heliopausa: (Default)
Who does the internet think I am? Why have I been bombarded for weeks with an ad for bunk beds? and one for a military-grade torch? (Should it be banned? the ad asks.) and today, $99 sports shoes. I think the internet thinks I'm running a kids adventure camp, with exciting night activities, which I'm so not!

I don't have any great news stories to link to, but I enjoyed this metafilter discussion about who rules canon, or whose canon rules, beginning with Harry Potter, but taking off from there to discuss more widely.

In other non-news, it's Year of the Pulse! This weekend's celebratory pulse-focused meal at my place: Chickpea patties, served with yoghurt and the mango chutney I made a little while ago, and lettuce etc. Huge success. :)

More about W&P:
It's getting better and better! (Not to say it's flawless, though). Read more... )

I'm a little anxious about the coming election at home, especially about how the changes to the Senate voting will play out. (More than a little, actually.) But not to end on a morose note, here's a campaign ad (30-second youtube, not haranguing) put out by the classical music arm of our national broadcaster.
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I'm envious of those Australians who will be at home this week to see the first episodes of the new show Cleverman. It does look like it could be a bit tough, i.e. with depictions of violence - I usually steer away from such. (Here's the youtube trailer - it's a bit over two minutes long.)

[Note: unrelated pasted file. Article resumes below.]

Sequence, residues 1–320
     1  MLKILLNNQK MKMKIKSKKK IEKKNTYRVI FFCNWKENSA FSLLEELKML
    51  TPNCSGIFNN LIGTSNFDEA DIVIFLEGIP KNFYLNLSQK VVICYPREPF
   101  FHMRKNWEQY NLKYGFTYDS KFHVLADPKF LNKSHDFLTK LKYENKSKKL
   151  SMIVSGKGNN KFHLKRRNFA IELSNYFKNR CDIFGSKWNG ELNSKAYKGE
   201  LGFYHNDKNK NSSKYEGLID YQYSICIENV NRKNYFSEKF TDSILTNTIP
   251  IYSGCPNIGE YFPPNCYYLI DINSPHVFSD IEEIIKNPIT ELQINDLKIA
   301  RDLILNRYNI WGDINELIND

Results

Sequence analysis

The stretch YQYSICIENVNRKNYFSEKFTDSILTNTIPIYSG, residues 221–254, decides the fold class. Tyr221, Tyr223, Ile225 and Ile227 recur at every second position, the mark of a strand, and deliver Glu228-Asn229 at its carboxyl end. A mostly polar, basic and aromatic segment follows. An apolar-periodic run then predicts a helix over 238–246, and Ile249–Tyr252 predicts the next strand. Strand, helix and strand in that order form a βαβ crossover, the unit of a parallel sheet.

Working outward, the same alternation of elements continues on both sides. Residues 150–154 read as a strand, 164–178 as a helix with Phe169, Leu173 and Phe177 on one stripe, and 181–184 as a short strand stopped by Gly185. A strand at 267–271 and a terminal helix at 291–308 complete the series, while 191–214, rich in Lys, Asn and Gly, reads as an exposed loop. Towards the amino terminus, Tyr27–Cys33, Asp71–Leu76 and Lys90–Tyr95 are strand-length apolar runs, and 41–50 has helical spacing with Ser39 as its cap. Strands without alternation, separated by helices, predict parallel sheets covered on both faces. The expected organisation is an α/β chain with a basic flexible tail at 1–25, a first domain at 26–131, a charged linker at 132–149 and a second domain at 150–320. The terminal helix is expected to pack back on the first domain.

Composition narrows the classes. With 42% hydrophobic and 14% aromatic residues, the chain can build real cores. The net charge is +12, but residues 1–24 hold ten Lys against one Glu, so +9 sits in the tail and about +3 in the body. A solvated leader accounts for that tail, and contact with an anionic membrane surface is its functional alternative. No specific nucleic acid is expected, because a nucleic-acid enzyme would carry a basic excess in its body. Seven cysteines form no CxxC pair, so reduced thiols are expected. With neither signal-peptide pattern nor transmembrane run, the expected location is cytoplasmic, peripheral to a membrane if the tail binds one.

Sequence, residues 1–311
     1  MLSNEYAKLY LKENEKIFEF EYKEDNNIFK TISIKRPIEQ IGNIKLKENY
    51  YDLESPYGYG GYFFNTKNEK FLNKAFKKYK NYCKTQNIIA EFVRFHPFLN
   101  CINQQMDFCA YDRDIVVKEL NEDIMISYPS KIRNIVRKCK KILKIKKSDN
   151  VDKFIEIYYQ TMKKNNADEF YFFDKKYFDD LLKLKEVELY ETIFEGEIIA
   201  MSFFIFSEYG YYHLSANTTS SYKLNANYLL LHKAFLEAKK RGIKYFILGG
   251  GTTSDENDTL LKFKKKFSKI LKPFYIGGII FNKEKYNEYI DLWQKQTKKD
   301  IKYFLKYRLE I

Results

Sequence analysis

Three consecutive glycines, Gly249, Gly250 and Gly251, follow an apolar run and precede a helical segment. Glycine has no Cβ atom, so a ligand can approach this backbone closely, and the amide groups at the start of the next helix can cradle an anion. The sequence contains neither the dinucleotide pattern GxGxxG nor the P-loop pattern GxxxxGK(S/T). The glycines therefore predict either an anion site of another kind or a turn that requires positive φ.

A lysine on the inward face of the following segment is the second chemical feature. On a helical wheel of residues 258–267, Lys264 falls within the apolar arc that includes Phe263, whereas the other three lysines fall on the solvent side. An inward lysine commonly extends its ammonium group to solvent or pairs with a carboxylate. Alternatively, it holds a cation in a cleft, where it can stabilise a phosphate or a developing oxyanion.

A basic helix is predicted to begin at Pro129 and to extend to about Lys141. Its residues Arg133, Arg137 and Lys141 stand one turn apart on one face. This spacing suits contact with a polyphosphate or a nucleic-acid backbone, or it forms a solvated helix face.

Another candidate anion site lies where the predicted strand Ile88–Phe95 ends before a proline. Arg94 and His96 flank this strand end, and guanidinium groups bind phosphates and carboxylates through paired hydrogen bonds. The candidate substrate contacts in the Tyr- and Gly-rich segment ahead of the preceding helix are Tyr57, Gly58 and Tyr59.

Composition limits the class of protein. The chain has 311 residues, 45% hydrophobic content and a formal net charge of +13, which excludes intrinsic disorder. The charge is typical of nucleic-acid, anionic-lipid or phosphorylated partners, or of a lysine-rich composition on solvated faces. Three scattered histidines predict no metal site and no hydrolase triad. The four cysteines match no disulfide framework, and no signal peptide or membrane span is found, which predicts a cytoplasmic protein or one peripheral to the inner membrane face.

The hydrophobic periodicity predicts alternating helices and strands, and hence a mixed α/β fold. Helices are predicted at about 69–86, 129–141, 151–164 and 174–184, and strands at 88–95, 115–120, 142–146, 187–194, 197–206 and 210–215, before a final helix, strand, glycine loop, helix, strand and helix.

Still, I'd like to see it; it'll be the first big Aboriginal-led futureish dystopian fantasy action show (and heavy on the social commentary) on television. Though it's not true, as is asserted in this Guardian article, that this'll be the first Aboriginal superhero; I remember the AIDS-inspired Condoman - don't be shame, be game! - even if no-one else does.
If anyone sees it, I'd love to hear what you think.

Two cheerful pieces of environmental news - from the giant karri forests of Pemberton, WA, and
from the tiny wastewater treatment plant in Jamestown, SA.

One pleasant indicator of social change, perhaps: a clue in the Friday crossword this week was She classifies Chinese religion, not film.
(The answer was taxonomist; the X was part of a larger pan-crossword clue.)
True, as a clue it's not especially exciting, but what I thought was pleasant was to see "she" used to mean "ordinary human", and not meaning something different from the default male.

War & Peace is back - I'm pushing determinedly for the end now, since the friend I was reading it with most unfairly gallopped ahead while I was away doing other things. I've just finished about the battle of Borodino, Read more... )
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So... War and Peace! Volume Three opens with a stunning and sobering meditation on War, where does it come from?.